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Point Reyes National Seashore

Point Reyes National Seashore

Explore a brackish wonderland just north of San Francisco teeming with wildlife, filled with flowering plants, and dotted with hidden beaches.

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Jutting dramatically out into the Pacific, the West Coast’s only national seashore extends across 70,000 acres of a large triangular peninsula that appears to have broken away from the Northern California coast. The coastal preserve of Point Reyes National Seashore, located one hour north of San Francisco, protects more than 1,500 animal and plant species in its watery utopia of beaches, lagoons, estuaries, and ponds that surround a densely wooded interior. Here, breakers pound remote beaches, wisps of fog wash over coastal hills, elephant seals brawl on the sand, and tule elk roam in wild meadows.

In this lush green-and-blue wonderland, binoculars and hiking boots are necessary equipment; kayaks are optional but useful. The park’s main visitor center at Bear Valley is a great place to start exploring, and kids love its interactive displays. Get updates on whale watching (typically January to mid-April), wildflower displays (best in early-to-late spring) and hiking trail conditions. Smaller visitor centers are located at Drakes Beach and the Point Reyes Lighthouse.

For wildlife watching, head to Tomales Point to see the tule elk, especially during the fall rutting season. Then move on to 200-acre Abbotts Lagoon to witness rich bird life (more than 45 percent of North America’s bird species have been spotted at Point Reyes). For beach walks, try dog-friendly Kehoe Beach or kid-friendly Drakes Beach. When the tide rolls out, explore the tidepools at McClures Beach. When the fog rolls in, head to Bear Valley and hike trails through dense forests of Douglas fir and Bishop pine.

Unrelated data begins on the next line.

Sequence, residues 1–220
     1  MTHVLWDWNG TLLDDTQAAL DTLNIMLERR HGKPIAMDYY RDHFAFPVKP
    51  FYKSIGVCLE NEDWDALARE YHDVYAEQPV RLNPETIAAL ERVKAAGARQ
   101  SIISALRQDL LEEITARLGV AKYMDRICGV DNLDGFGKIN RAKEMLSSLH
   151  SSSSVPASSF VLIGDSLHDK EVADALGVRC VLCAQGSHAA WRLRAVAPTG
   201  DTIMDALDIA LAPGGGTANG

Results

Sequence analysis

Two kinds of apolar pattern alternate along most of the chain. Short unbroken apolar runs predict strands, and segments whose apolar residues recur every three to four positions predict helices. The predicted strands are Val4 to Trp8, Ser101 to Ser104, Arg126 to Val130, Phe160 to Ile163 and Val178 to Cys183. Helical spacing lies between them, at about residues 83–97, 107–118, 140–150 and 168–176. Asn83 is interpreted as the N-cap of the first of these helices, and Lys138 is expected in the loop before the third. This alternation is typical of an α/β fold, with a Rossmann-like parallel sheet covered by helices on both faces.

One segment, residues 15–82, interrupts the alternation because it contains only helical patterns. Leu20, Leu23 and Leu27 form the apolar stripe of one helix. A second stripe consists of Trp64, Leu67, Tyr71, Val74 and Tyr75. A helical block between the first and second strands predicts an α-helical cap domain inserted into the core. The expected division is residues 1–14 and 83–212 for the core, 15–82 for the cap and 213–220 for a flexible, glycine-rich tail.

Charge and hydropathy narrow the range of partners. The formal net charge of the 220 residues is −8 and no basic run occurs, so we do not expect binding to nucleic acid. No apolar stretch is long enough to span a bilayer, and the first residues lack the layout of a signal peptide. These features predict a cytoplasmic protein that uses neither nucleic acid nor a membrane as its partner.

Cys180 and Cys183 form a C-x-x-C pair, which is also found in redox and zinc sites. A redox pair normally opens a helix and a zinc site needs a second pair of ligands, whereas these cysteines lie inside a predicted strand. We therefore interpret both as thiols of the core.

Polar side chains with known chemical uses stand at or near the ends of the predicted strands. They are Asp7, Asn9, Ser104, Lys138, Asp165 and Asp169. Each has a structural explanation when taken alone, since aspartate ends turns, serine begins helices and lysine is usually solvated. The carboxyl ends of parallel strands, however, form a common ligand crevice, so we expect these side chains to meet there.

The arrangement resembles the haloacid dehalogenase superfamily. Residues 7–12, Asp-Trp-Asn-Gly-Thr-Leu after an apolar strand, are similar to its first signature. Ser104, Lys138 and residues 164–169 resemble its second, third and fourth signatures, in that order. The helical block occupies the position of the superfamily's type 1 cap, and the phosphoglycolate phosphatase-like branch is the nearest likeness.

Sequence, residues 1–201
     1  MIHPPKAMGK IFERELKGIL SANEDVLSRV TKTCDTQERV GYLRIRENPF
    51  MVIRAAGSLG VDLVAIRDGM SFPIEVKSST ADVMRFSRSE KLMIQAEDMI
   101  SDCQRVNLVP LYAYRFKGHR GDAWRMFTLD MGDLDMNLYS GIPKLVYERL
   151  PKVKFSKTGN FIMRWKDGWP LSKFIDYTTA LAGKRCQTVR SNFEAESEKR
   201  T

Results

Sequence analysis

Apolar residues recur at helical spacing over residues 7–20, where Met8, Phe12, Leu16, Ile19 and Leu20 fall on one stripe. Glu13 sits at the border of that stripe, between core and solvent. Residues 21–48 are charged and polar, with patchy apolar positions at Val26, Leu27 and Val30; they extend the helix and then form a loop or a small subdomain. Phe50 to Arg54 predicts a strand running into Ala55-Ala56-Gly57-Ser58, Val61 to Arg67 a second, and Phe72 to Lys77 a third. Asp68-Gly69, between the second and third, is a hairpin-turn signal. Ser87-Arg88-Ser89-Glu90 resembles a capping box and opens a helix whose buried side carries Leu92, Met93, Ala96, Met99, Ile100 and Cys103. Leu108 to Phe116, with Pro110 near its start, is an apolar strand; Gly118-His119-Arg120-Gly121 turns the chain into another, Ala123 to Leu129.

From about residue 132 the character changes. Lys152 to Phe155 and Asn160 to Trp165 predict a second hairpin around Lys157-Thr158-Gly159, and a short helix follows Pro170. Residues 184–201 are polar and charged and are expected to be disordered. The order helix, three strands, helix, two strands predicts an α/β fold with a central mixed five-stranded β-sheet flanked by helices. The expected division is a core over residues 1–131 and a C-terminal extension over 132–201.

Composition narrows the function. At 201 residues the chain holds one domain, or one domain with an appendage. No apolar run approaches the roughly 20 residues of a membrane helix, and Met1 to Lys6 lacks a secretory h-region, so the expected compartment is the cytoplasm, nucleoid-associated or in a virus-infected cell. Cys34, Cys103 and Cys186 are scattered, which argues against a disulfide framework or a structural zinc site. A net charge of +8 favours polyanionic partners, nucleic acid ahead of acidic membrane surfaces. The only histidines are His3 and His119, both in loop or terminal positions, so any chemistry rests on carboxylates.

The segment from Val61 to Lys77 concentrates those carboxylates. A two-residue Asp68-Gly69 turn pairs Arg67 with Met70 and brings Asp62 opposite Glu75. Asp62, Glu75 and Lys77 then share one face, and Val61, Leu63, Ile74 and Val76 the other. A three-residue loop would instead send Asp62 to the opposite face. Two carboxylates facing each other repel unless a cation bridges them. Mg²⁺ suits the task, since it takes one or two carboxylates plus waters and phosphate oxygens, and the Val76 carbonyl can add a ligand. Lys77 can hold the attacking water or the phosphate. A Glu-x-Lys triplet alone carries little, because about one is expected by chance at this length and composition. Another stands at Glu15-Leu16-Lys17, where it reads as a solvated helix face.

Five Brooks Ranch in Little River offers the opportunity to explore the seashore from a completely different vantage point: atop a trusty steed. With access to more than 120 miles/193 kilometers of trails, expert guides lead horseback riders on trips lasting anywhere from one hour to an entire day (pony rides are also available for youngsters). The popular Fir Top Trail ride climbs 1,300 feet/396 meters through towering groves to the Inverness Ridge, offering glimpses of the roaring Pacific below.

For more iconic ocean views that are well worth the effort, take the 308 steps down (and yes, up on the way back) to the 1870s Point Reyes Lighthouse. At the end of the day, enjoy a meal of locally grown oysters and artisan cheese in Point Reyes Station or Inverness, then retire to one of several intimate bed-and-breakfasts or country inns.

Featured Point Reyes National Seashore

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